—As seminarians, we all served the individual and private Masses of the priests on the faculty. These were private celebrations, devoid of any participation. Signs were already pointing to the renewal of concelebration of the Eucharist.
—A renewed emphasis upon consecrating the Body and Blood of Jesus Christ at each Mass for those participating in that Mass was foreseen as the preferred method, rather than constant trips to the tabernacle for previously consecrated hosts.
—Hints of allowing Communion under Both Kinds were beginning to emerge.
There was great excitement among us seminarians as we looked forward with eagerness to the full renewal of the Church’s Liturgy. Father Miller and Father DeVries were both instrumental in steering us in this new direction.
For Father Miller, the signs and symbols of the liturgy needed to inspire and to be clear. When the rite called for sprinkling the people with holy water, he made sure we understood that this did not simply mean tossing a few drops of water here and there. No, it meant sprinkling as many people as possible with this sign of their own Baptism. The use of incense, genuine beeswax candles, worthy vestments, sound music and hymns, good lighting and sound — all these elements needed to form a liturgical all-embracing prayer experience.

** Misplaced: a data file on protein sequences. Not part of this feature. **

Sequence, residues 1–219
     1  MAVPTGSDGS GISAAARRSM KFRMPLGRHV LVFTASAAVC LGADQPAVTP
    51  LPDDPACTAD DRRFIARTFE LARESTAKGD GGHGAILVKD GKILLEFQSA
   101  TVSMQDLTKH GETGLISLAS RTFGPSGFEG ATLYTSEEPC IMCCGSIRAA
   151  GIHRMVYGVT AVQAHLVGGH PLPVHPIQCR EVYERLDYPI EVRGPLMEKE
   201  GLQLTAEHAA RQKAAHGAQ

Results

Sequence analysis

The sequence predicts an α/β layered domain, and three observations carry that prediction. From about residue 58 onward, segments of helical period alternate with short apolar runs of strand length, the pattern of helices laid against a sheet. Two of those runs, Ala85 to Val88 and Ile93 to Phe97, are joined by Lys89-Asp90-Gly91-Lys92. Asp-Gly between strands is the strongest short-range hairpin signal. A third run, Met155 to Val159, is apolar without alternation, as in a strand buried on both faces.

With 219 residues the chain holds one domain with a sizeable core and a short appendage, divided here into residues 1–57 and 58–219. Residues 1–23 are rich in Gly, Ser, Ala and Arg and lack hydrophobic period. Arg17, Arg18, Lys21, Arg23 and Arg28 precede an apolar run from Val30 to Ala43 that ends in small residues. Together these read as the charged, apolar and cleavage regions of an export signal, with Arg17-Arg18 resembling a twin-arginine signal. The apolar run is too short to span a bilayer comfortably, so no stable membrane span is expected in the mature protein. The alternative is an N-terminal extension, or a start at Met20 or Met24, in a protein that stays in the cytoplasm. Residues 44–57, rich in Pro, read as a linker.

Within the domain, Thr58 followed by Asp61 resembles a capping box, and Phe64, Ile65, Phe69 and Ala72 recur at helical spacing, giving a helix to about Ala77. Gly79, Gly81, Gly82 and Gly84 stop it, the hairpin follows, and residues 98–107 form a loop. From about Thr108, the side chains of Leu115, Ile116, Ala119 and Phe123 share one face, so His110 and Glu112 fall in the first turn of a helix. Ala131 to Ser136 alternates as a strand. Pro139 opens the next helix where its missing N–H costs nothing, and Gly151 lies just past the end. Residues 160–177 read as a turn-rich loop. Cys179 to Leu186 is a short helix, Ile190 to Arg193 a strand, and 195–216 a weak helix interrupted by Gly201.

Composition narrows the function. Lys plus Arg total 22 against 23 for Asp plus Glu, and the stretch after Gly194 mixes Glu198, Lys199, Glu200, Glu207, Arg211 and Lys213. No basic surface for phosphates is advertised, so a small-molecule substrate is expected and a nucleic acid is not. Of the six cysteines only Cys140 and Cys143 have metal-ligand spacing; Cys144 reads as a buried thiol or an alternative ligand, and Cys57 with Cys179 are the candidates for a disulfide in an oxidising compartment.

We were probably better prepared than seminarians from any other seminary in the country to receive, implement and celebrate all called for in the Constitution on the Sacred Liturgy.
My life and ministry as a priest of Jesus Christ has been built upon a sound, firm and visionary formation and education at St. John’s Seminary. For this I am deeply grateful, and I pray that through the continuing intercession of St. John the Evangelist future generations of priests may be similarly blessed.
Cardinal Roger Mahony, archbishop emeritus of the Archdiocese of Los Angeles, graduated from St. John’s Seminary College in 1958 and was ordained from the Seminary Theologate in 1962. He served as auxiliary bishop of Fresno (1975-80), bishop of Stockton (1980-85) and archbishop of Los Angeles (1985-2011), and was created cardinal in 1991.